CableLabs just announced a new set of specifications that is going to improve cable HFC networks and their ability to deliver data services. They announced a new distributed architecture that they are calling the Converged Cable Access Platform (CCAP).
This new platform separates functions that have always been performed at the headend, which is going to allow for a more robust data network. Today, the cable headend is the place where all video is inserted, all cable management is done, where the QAM modulation and RF Modulation is performed, and most importantly where the CMTS (cable modem termination system) function is done.
The distributed CCAP allows these functions to be separated and geographically distributed as needed throughout the cable network. The main benefit of this is that a cable operator will be able to push pure IP to the fiber nodes. Today, the data path between the headend and the neighborhood nodes needs to carry two separate paths – both a video feed and a DOCSIS data feed. By moving the CMTS and the QAM modulators to the fiber node the data path to the node becomes a single all-IP path that contains both IPTV and IP data. The new CCAP node can then convert everything to RF frequencies as needed at the node.
We’ve been expecting this change since for the last few years Chinese cable networks have implemented the distributed network functions. Probably one of the biggest long-term potentials for this change is that it sets the stage for a cable company to offer IPTV over DOCSIS frequencies, although there is more development work to be done in this area.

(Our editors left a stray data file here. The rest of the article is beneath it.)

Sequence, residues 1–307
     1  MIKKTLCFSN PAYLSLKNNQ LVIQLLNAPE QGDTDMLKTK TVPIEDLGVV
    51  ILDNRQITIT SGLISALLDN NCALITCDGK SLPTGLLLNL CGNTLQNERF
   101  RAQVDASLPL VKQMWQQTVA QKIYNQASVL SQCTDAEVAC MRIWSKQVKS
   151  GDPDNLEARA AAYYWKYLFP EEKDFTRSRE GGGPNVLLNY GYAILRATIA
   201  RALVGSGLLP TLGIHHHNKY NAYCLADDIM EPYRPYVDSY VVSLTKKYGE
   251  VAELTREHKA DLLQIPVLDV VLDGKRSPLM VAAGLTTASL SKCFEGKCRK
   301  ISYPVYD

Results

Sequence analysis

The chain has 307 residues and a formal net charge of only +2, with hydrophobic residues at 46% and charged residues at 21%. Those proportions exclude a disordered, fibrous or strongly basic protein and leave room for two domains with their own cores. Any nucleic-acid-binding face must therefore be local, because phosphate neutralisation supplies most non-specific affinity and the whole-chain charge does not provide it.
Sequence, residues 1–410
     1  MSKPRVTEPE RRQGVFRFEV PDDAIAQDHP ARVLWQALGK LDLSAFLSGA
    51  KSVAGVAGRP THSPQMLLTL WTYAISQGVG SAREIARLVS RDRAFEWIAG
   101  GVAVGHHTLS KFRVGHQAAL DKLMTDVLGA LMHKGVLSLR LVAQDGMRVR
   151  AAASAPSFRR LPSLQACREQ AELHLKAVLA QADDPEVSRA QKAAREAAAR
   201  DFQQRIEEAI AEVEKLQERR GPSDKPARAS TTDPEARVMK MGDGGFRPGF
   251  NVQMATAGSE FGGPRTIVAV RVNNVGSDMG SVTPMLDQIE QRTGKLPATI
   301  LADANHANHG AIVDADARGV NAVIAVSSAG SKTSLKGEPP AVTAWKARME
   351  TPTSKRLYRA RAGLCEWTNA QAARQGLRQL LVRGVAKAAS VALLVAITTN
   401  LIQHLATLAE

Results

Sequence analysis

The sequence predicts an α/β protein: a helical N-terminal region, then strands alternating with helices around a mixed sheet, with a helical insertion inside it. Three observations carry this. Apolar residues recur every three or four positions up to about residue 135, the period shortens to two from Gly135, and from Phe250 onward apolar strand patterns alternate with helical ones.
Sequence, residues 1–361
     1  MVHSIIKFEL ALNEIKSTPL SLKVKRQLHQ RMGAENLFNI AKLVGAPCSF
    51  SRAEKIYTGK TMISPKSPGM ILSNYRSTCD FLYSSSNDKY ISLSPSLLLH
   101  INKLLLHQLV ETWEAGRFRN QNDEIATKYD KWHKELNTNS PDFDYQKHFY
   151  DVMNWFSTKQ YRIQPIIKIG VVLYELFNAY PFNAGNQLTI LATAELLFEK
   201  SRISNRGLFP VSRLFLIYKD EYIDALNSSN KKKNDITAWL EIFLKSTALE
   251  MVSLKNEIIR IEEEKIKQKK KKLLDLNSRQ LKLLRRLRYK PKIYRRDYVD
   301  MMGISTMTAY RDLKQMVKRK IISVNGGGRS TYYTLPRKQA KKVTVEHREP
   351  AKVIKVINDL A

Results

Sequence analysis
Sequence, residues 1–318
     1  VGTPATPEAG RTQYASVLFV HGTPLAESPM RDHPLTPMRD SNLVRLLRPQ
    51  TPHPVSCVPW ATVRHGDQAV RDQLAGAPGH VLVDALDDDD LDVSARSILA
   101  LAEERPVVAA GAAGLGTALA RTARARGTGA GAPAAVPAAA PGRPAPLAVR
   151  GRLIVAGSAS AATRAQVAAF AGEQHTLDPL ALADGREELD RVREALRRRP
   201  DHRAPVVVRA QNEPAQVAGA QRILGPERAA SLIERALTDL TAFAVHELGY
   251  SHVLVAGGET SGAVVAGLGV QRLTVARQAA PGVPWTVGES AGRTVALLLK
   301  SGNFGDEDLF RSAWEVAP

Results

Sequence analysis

There are several immediate benefits to a cable system. First, this improves video strength since the TV signals are now originating at the neighborhood nodes rather than back at the headend. This will be most noted by customers who are currently at the outer fringes of a cable node. The change also will boost the overall amount of data delivered to a neighborhood node between 20–40%. It’s not likely this mean faster speeds, but instead will provide more bandwidth for busy times and make it less likely that customers lose speed during peak hours. Finally, it means that a cable company can get more life out of existing cable nodes and will be able to wait longer before having to ‘split’ nodes to provide faster data to customers.
Cable companies are not likely to rush to implement this everywhere. It would mean an upgrade at each node and most cable companies have a node for every 200–400 customers—that’s a lot of nodes. But one would think this will quickly become the standard for new nodes and that cable companies will implement it over time into the existing network.
This is the first step of what is being called the IP transition for cable companies. Most of my readers are probably aware that the telcos are working feverishly towards making a transition to all-IP. But cable companies are going to want to do that for a different reason. There is a huge amount of bandwidth capability on coaxial cable and if the entire cable network becomes IP from end-to-end then the huge data capacity in the cable network would be realized. Today cable companies use a broadcast system where they send all cable channels to every home and they then provide data services on whatever bandwidth is left. But in an all-IP system they would only send a customer the channels they are watching, meaning that most of the bandwidth on the system would be available for high-speed Internet services.
So think of this as the first step in a transition to an all-IP cable network. There are a number of additional steps needed to get there, but this pushes IP out to the neighborhood nodes and starts the transition.